Developed over the course of her residency, Dion Fletcher solo exhibition, Curiosity and Quillwork, represents her commitment in using quillwork, a traditional Indigenous skill, to create her pieces. The exhibition included three works that incorporated a variation of quillwork: Zigzag in twenty-nine parts, a series of twenty-nine, 6×9” works on paper; Shifting Focus, a microscopic digital video; and Advancing Colors, a delicate installation of an ornate pattern spans 8’ square on the gallery wall that emulates the practice of birch bark quillwork.


“I began to work with porcupine quills in the Fall of 2017. Creating these pieces at OCADU helped me practice stitching and settle into space. Making them aimed me to think through what my ideas would grow into. I had so much interest working with quills, and it inspired me to do more research about them. This residency created an opportunity to learn a lot from the quills. I also learned more about the porcupine during that time. I decided to name the exhibition Curiosity and Quillwork because during the creation of these pieces, I became more and more curious about the material and the different ways that I could work with it.


First, I focused on abstract designs, using zigzag stich on paper. Then I used a microscope from the Life Studies program to make a video. Using the microscope, I was able to see the quills quite literally in a new way and to understand them from a different perspective. This experience led me to make my second piece titled Shifting Focus. To create this video, I put a pile of quills under a microscope and I shifted the focus in and out. The way that a pile of quills made lines, patterns and shapes was visually similar to the lines, patterns and shapes in traditional patterns. For me, as an artist, that was an interesting visual way to understand both contemporary quillworks, the history of it, and the material which is coming from this fantastic animal.


For creating my last piece, Advancing Colors, I use a method of quillwork that is done on quilled boxes. The boxes are made out of birch bark, and the quills are applied to the bark through small holes. I first read about this way of working with quills in 2015 I was amazed by the processes and wondered if I could apply the same technique to drywall instead of birch bark. This exhibition allowed the opportunity for me to experiment and make that work a reality.”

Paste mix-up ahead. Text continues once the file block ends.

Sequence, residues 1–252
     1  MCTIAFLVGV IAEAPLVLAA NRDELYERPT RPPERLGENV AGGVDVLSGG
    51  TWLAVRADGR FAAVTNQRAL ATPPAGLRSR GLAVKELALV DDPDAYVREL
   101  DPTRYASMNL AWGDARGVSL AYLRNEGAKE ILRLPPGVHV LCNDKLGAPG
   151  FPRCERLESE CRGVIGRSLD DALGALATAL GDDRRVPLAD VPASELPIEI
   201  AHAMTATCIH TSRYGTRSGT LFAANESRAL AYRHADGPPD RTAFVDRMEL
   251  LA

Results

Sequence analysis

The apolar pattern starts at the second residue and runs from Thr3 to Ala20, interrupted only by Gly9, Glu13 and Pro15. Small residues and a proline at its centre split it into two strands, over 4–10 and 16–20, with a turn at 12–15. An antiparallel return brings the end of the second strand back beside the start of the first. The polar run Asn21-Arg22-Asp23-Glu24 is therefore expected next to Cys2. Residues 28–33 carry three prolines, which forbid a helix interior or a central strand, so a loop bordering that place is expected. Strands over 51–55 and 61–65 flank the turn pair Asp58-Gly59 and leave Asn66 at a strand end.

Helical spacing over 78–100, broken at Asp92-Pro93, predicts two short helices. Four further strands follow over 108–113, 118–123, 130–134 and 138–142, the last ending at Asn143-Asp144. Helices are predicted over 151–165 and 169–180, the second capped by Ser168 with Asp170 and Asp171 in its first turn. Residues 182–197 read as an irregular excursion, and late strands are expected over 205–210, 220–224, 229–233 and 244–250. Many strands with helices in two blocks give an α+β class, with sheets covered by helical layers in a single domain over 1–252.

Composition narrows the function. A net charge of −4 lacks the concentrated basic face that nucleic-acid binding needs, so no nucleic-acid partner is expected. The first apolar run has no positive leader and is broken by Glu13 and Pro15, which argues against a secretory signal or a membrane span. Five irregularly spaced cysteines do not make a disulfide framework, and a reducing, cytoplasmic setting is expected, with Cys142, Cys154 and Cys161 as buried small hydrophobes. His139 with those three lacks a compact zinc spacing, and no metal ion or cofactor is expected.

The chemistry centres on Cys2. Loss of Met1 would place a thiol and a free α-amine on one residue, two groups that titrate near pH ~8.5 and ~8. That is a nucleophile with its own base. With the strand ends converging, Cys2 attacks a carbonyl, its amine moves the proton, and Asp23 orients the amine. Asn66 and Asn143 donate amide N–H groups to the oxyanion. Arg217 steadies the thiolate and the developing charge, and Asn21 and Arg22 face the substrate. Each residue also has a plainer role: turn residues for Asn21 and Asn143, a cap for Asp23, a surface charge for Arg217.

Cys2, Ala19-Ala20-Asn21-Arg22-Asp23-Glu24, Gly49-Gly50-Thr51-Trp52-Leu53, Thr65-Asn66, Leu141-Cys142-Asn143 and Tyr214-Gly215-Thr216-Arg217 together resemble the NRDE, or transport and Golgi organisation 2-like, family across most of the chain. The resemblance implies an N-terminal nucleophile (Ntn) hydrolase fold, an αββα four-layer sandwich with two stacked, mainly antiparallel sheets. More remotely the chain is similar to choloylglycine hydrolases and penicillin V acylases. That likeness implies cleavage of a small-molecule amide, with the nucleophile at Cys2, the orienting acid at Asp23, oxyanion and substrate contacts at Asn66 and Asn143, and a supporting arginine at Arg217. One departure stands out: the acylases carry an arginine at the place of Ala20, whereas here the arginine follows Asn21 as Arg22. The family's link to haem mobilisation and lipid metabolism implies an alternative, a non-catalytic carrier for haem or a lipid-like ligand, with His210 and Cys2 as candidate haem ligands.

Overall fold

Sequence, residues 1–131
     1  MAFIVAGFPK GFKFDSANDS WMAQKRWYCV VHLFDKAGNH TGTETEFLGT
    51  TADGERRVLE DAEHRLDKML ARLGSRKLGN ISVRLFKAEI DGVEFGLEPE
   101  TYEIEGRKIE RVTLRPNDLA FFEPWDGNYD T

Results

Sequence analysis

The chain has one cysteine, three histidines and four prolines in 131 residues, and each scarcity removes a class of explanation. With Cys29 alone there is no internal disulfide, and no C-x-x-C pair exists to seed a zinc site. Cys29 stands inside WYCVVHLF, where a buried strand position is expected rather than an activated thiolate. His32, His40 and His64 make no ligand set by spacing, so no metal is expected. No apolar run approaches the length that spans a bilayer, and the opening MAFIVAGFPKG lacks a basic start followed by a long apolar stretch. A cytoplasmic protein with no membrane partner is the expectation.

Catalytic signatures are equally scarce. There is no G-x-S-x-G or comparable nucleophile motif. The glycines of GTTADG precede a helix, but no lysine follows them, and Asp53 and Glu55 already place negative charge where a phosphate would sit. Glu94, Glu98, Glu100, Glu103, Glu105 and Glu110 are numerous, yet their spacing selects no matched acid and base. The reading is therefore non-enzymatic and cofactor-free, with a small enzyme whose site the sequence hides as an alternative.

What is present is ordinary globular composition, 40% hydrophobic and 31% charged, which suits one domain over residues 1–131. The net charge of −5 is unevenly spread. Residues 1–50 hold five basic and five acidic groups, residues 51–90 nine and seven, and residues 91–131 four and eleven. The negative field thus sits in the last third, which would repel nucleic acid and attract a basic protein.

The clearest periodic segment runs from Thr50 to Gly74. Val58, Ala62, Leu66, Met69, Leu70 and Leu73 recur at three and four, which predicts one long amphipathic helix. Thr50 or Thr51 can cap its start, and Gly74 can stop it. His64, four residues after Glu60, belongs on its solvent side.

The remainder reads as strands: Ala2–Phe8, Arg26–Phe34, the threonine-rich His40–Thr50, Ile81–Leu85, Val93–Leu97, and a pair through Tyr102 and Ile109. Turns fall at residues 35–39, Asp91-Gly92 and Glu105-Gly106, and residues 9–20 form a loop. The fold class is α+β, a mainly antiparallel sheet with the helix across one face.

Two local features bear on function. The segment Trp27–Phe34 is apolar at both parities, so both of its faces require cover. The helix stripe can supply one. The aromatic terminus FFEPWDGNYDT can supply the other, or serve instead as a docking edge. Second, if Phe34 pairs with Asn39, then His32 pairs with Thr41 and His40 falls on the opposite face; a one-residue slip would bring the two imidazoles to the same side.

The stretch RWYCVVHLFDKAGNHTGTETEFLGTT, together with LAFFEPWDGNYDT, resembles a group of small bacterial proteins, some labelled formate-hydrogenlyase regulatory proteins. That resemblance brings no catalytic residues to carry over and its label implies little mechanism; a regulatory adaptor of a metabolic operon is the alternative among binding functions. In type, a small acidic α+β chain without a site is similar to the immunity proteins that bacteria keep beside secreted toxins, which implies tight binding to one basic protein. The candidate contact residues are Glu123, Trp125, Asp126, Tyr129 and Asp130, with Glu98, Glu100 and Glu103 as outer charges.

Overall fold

A person in a blue shirt A picture containing wall, indoor


In her work, Dion Fletcher uses both manufactured and natural materials including fabrics, porcupine quills, glass beads, readymade objects, mirrors, and jute twine. She believes artists use a variety of materials and translate them into their own visual vocabulary, based on the evolution of technology. As an example, Dion Fletcher explained the transition of beadworks through time, using glass beads instead of the shells, or other natural materials. She is interested in utilizing natural materials in her works, because they come from Indigenous art practices, Indigenous artists in her community in Ontario, and other Indigenous communities such as the Anishinaabe and Haudenosaunee people.


“I became familiar with these materials a little bit late since nobody in my family uses them. I didn’t have access to learn how to do beading, quillwork, or work with leather. Even in school no one taught me any Indigenous methods or textile practices, so I pursued to work with some of those materials and methods myself. Using these mediums brings me back to the connection with language. I do not have access to my Indigenous languages; therefore, working with these materials has been a way for me to access specific aspects of culture and language and communicating that outside of spoken and written English. It’s been amazing to learn how to work with these materials. During the process of making, and by using these media, I can combine my interests and skills and communicate through them in different ways.”


I asked Dion Fletcher about the process of making an art piece. In this regard, she explained that her practice is quite varied.